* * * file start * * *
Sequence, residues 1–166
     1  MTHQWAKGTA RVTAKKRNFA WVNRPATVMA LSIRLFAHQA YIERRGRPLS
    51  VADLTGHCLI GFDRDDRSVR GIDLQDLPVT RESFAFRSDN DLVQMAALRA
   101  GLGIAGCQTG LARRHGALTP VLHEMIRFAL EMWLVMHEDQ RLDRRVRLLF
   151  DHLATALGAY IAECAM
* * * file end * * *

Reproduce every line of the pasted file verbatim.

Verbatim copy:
Sequence, residues 1–166
     1  MTHQWAKGTA RVTAKKRNFA WVNRPATVMA LSIRLFAHQA YIERRGRPLS
    51  VADLTGHCLI GFDRDDRSVR GIDLQDLPVT RESFAFRSDN DLVQMAALRA
   101  GLGIAGCQTG LARRHGALTP VLHEMIRFAL EMWLVMHEDQ RLDRRVRLLF
   151  DHLATALGAY IAECAM